Artist Journey: Eva Geist


Profondo is a piece which aims to depict the profound connection between men and the oceans, in solemnity and contemplation.

What’s your connection with nature?
My connection with nature is firstly a connection to the sea. I was raised in Crotone, a city on the Ionian Sea, then to studying and working I had to move to more industrialized cities of the North, northern and northern. Almost a year ago I started my descent to my homeland, because my body was trying to tell me that I missed the sea and the mild mediterranean climate. I realized that I always felt a little bit affected by city life, although it was always fun and culturally exciting. But the recent general situation has awakened bucolic dreams in me, as in many I know as well.

How does your music connect with nature?
Music is in general first of all sound. I think of sound as a physical object in space, in which, through air, it’s able to create a language, as the most recent science is showing. On the human brain is the only type of art that is able to connect directly with our affective sphere, beyond
mind and language, it connects with the emotions. An experience that could be compared to the direct contact with nature. Music has always been with men. Humans seem to be born to have infinite songs and stories to sing. For me personally music is a way we try to connect with
something higher, or sublimate, which is in first place a prerogative of poetry. This way music becomes a way to discover the soul, through a spiritual bond with mother earth. Honesty in music means then more than style, genre or rank. Because by being a journey to the soul, it’ll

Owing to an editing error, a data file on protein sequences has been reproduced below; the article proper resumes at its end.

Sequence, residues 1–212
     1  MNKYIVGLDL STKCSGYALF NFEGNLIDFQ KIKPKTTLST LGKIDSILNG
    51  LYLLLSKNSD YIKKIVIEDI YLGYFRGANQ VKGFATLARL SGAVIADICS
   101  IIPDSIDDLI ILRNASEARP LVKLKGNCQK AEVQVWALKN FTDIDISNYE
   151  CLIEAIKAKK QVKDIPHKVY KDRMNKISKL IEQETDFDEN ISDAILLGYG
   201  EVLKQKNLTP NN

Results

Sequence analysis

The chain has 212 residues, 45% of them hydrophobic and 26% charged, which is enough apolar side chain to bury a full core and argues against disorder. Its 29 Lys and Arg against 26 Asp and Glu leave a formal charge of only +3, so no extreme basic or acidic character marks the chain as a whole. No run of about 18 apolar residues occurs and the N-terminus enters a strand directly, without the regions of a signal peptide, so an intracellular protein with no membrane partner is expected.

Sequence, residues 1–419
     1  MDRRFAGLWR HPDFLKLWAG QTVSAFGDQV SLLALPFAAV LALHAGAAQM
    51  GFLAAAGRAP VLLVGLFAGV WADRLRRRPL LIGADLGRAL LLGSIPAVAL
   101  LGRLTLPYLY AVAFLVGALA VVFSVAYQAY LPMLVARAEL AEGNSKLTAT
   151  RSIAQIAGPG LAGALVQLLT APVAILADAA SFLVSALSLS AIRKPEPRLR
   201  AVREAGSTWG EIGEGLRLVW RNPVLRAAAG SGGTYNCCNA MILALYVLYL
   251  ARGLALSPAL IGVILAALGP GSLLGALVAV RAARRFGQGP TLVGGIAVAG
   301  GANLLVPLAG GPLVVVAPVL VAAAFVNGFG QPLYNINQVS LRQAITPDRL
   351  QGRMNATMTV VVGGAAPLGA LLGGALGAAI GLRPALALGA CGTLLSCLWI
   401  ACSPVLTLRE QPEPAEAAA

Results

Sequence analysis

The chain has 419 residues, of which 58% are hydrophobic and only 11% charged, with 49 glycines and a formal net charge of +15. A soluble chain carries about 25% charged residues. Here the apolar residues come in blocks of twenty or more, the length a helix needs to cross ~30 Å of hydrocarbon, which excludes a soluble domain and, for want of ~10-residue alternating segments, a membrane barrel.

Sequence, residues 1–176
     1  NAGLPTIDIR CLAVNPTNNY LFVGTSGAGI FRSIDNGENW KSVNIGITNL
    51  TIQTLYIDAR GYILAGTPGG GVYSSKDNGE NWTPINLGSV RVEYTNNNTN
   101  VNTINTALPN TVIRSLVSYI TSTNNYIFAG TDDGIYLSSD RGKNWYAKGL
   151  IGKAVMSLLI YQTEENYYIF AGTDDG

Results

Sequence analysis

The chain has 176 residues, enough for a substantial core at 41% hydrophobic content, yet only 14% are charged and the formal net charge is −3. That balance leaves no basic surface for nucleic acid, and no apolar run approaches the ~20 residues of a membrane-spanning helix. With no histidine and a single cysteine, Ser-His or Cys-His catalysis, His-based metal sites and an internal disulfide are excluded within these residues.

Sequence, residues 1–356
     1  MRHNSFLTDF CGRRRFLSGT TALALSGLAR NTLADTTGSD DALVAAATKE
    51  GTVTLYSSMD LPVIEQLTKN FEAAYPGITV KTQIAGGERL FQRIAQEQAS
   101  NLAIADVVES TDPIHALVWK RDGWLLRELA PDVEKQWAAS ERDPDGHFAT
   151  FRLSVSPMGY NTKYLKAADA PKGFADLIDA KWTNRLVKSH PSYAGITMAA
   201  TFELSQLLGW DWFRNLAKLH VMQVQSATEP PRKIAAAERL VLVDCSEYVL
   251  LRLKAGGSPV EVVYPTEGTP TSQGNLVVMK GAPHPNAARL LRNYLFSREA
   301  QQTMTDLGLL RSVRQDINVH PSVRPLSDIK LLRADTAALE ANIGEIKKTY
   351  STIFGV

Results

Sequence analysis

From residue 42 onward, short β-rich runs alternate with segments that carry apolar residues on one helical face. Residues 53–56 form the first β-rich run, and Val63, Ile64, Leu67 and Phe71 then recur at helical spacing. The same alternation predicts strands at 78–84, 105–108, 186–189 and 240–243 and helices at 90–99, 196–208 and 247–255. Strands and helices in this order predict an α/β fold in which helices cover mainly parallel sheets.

be a tool for liberation. I actually believe that music, especially if courageous and free, could have a massive impact in making people more sensitive to the problem of taking care of oneself environment.

Which is the most powerful sound have you ever heard in nature?
Earthquake, when I was a child, but because of the low frequencies I felt it more than heard it. Waterfalls in Dorrigo Forest. And the windy ocean in Australia.

What has been your approach when preparing the theme? Have you discovered something that caught your attention in this process? 
I first listened carefully to each field recording. I spent a long time by listening them in detail, it was very pleasant and made me feel connected. There’s something really deep in the voice of the whales. Apparently the sounds they make essential for the balance of the entire planet… To me, it sounds like they carry a message. So the Sperm Whales sounds were the ones to first catch my attention. I created samples that I made run through midi arpeggiators and delays, they are quite percussive and short sounds, so the mechanical effect was oriented to create a rhythmic that sounds really organic, almost like watery. I used most of the recordings and just a few synthsizers to underline with pathos some natural movements. The field recordings of the landascape, like the ice breaking, has been drastically effected to become deep and enveloping.
I imagine the Polar soundscape deep and mysterious, also very sharp, but slow, because of cold and surrounded by silence, but rich and new at the same time. I didn’t find any part of the process difficult, even to begin, which often requires an effort, was very smooth and natural. I for istance immediately understood that I wanted to keep the original sounds instead of creating a proper piece of music. Because these sounds eventually represent the real meaning of music, life in frequencies.

How does this topic relate to the context of your career?
As I said already, a few months ago my return to the sea has started. Because I felt the call, that I belonged to something and could never be happy away from that. It’s a feeling that all people who grew up by the sea can understand. The sound of waves, which calms you and the absence of which makes you sleepless, the feeling of the moisturized air, the lack of which, after a while, makes you sick. To understand all of this was a process for me, because for a long time, other priorities, which in reality were more futile have ruled my life. I feel privileged to be part of this project, it has a profound meaning to me really and I stand for the safeguard of the sea.